A Chinese scientist who set off an ethical debate with claims that he had made the world’s first genetically edited babies – three, according to a Chinese court – was sentenced to three years in prison because of his research, state media, the Associated Press and the New York Times have reported.
He Jiankui, who was convicted of practicing medicine without a license, was also fined 3 million yuan ($430,000) by a court in the southern city of Shenzhen, China’s official Xinhua News Agency reported on Monday. Two other researchers involved in the project received lesser sentences and fines.
The verdict said the three defendants had not obtained qualification as doctors, pursued fame and profits, deliberately violated Chinese regulations on scientific research, and crossed an ethical line in both scientific research and medicine, according to Xinhua. It also said they had fabricated ethical review documents.
The court also confirmed a third birth, saying the researchers were involved in the births of three gene-edited babies to two women. It said all three scientists pleaded guilty during the trial, which Xinhua reported was closed to the public because of privacy concerns.
“He’s declaration made him a pariah among scientists, cast a harsh light on China’s scientific ambitions and embroiled other U.S. scientists who were connected to He. Although He offered no proof and did not share any evidence or data that definitively proved he had done it, his colleagues had said it was possible that he had succeeded,” The New York Times reported.
“U.S. scientists who knew of He’s plans came under scrutiny. He’s former academic adviser, Stephen Quake, a star Stanford University bioengineer and inventor, was cleared of any wrongdoing after an investigation into his interaction with his former student. Rice University has been investigating Michael Deem, He’s doctoral adviser, because of allegations that he was actively involved in the project.”
He, the lead researcher, shocked the scientific world when he announced in November 2018 that he had altered the embryos of twin girls who had been born the same month. He described his work in exclusive interviews with The Associated Press.
The announcement sparked a global debate over the ethics of gene editing. He said he had used a tool called CRISPR to try to disable a gene that allows the AIDS virus to enter a cell, in a bid to give the girls the ability to resist the infection. The identity of the children has not been released, and it isn’t clear if the experiment succeeded.
The CRISPR tool has been tested elsewhere in adults to treat diseases, but many in the scientific community denounced He’s work as medically unnecessary and unethical, because any genetic changes could be passed down to future generations. The U.S. forbids editing embryos except for lab research.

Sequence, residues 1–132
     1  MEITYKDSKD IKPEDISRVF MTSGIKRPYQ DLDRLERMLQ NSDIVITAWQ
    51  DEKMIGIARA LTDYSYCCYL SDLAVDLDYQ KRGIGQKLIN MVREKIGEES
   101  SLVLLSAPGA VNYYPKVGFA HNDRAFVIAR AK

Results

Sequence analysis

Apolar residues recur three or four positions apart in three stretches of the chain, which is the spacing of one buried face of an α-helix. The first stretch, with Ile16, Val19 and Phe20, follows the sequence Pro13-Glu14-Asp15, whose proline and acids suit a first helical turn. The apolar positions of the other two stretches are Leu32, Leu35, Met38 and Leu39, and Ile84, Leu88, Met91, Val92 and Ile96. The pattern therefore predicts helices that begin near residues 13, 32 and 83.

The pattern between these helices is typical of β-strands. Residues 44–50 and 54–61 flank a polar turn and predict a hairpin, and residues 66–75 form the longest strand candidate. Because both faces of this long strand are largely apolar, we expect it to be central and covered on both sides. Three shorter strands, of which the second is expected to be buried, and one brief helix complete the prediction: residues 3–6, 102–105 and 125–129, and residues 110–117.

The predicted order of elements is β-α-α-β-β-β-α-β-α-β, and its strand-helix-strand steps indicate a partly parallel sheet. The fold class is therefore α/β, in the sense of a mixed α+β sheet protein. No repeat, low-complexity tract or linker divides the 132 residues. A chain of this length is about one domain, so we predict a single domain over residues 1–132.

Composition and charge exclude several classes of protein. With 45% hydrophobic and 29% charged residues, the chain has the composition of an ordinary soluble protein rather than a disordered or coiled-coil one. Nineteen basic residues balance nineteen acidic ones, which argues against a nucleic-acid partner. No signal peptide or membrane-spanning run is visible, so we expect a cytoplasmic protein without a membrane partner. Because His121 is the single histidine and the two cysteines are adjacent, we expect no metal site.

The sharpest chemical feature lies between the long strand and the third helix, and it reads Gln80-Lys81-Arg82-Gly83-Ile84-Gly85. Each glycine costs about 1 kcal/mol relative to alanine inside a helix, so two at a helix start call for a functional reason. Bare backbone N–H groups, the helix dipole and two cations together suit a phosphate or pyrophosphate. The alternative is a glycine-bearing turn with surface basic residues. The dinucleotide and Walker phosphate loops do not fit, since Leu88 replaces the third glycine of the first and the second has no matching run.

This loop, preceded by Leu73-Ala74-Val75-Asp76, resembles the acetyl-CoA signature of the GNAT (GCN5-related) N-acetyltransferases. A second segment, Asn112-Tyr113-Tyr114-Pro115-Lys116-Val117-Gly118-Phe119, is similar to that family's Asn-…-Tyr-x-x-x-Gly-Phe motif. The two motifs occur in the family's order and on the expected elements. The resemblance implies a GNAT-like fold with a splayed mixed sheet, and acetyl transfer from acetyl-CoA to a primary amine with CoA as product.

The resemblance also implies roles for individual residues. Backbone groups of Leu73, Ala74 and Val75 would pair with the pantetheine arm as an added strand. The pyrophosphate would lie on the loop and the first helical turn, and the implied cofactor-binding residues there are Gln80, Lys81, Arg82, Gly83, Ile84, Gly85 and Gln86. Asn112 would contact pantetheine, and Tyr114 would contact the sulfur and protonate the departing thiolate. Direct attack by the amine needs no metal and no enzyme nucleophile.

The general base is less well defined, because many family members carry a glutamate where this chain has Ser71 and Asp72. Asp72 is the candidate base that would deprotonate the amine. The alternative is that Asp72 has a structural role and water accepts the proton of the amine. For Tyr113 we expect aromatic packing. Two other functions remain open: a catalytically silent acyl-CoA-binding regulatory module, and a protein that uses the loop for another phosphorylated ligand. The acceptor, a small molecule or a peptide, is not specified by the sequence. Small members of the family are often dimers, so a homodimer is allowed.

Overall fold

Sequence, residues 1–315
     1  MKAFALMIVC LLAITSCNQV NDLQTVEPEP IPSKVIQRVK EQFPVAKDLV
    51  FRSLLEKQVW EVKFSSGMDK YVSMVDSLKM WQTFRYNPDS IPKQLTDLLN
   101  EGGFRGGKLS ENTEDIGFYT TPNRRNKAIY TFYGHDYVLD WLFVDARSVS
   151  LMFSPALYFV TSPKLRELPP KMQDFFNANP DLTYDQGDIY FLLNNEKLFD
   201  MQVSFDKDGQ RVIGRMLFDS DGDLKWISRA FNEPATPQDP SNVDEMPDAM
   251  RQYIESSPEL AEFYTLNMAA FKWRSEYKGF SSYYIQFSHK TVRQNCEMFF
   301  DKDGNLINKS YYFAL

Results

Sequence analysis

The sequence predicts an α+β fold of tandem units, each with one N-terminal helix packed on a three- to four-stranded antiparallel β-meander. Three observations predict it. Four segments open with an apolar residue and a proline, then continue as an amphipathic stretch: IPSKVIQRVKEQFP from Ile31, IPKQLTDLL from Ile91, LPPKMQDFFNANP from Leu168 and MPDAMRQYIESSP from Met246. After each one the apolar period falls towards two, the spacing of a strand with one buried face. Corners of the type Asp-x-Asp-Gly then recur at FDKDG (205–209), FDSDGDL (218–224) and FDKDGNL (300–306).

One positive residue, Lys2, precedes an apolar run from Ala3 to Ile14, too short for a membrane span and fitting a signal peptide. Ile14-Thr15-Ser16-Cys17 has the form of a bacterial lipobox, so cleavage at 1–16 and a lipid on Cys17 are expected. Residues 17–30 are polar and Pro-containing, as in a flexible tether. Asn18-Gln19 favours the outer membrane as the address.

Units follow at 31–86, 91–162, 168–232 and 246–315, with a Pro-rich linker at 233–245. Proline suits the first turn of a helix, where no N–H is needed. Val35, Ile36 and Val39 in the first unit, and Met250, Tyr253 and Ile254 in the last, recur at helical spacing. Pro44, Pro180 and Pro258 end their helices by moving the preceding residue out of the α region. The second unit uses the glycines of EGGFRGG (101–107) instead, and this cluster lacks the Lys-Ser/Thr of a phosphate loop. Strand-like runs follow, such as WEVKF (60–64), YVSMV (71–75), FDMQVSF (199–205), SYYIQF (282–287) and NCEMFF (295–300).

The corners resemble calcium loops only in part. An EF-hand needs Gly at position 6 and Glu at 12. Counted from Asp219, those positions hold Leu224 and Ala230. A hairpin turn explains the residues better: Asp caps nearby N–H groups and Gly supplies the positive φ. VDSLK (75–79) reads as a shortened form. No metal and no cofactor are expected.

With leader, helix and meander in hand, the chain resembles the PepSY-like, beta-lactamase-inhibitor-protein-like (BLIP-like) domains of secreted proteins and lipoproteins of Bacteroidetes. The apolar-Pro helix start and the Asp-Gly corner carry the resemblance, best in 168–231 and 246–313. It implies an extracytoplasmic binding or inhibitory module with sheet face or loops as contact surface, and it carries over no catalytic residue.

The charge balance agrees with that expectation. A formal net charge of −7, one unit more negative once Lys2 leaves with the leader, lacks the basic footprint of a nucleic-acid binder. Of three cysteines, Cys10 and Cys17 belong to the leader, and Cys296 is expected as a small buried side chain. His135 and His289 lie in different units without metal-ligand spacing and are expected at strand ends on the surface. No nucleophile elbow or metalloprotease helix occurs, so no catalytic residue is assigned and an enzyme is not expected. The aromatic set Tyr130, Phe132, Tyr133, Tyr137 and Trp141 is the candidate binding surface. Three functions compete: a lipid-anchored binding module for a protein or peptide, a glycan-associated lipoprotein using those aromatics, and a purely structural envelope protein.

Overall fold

He, who is known as “JK,” told the AP in 2018 that he felt a strong responsibility to make an example, and that society would decide whether to allow the practice to go forward. He disappeared from public view shortly after he announced his research at a conference in Hong Kong 13 months ago, apparently detained by authorities, initially in an apartment in Shenzhen, a city in Guangdong province that borders Hong Kong.
It wasn’t clear if the three-year prison term includes any of the time he has already spent in Chinese custody.
A Chinese scientist said the sentence should have been harsher to deter others. Kehkooi Kee, a Tsinghua University researcher who conducts gene-editing research on stem cells, also said that He should be held responsible for any fallout from the experiment on the lives of the babies and their families.
Dr. William Hurlbut, a Stanford University bioethicist whose advice He sought for more than a year before his experiment, said he felt sorry for the scientist, his wife and two young daughters.
“I warned him things could end this way, but it was just too late,” Hurlbut wrote in an email addressed to the AP; the director of the U.S. National Institutes of Health, Dr. Francis Collins; and gene-editing pioneer Jennifer Doudna at the University of California, Berkeley.
“Sad story — everyone lost in this (JK, his family, his colleagues, and his country), but the one gain is that the world is awakened to the seriousness of our advancing genetic technologies,” Hurlbut wrote.
Dr. Eric Topol, who heads the Scripps Research Translational Institute in California, noted it’s almost unheard of for a scientist to get imprisoned “but in this case the sheer recklessness and unethical behavior warranted it.” Topol praised China for standing up “for proper medical research conduct.”
Doudna told the AP she was concerned about the “mysterious” legal process in China, but she said the sentences are “a step toward bringing this case to closure” and send a strong message to discourage other such work. (Doudna is paid by the Howard Hughes Medical Institute, which also supports AP’s Health and Science Department.)
“As a scientist, one does not like to see scientists going to jail, but this was an unusual case,” Doudna said. He’s work was “clearly wrong in many ways.”
Before setting up a lab at the Southern University of Science and Technology of China in Shenzhen, He studied in the U.S. The verdict accused him of colluding with Zhang Renli and Qin Jinzhou, who worked at medical institutes in the same province.
Zhang was sentenced to two years in prison and fined 1 million yuan, Xinhua said. Qin received an 18-month prison sentence, but with a two-year reprieve, and a 500,000 yuan fine.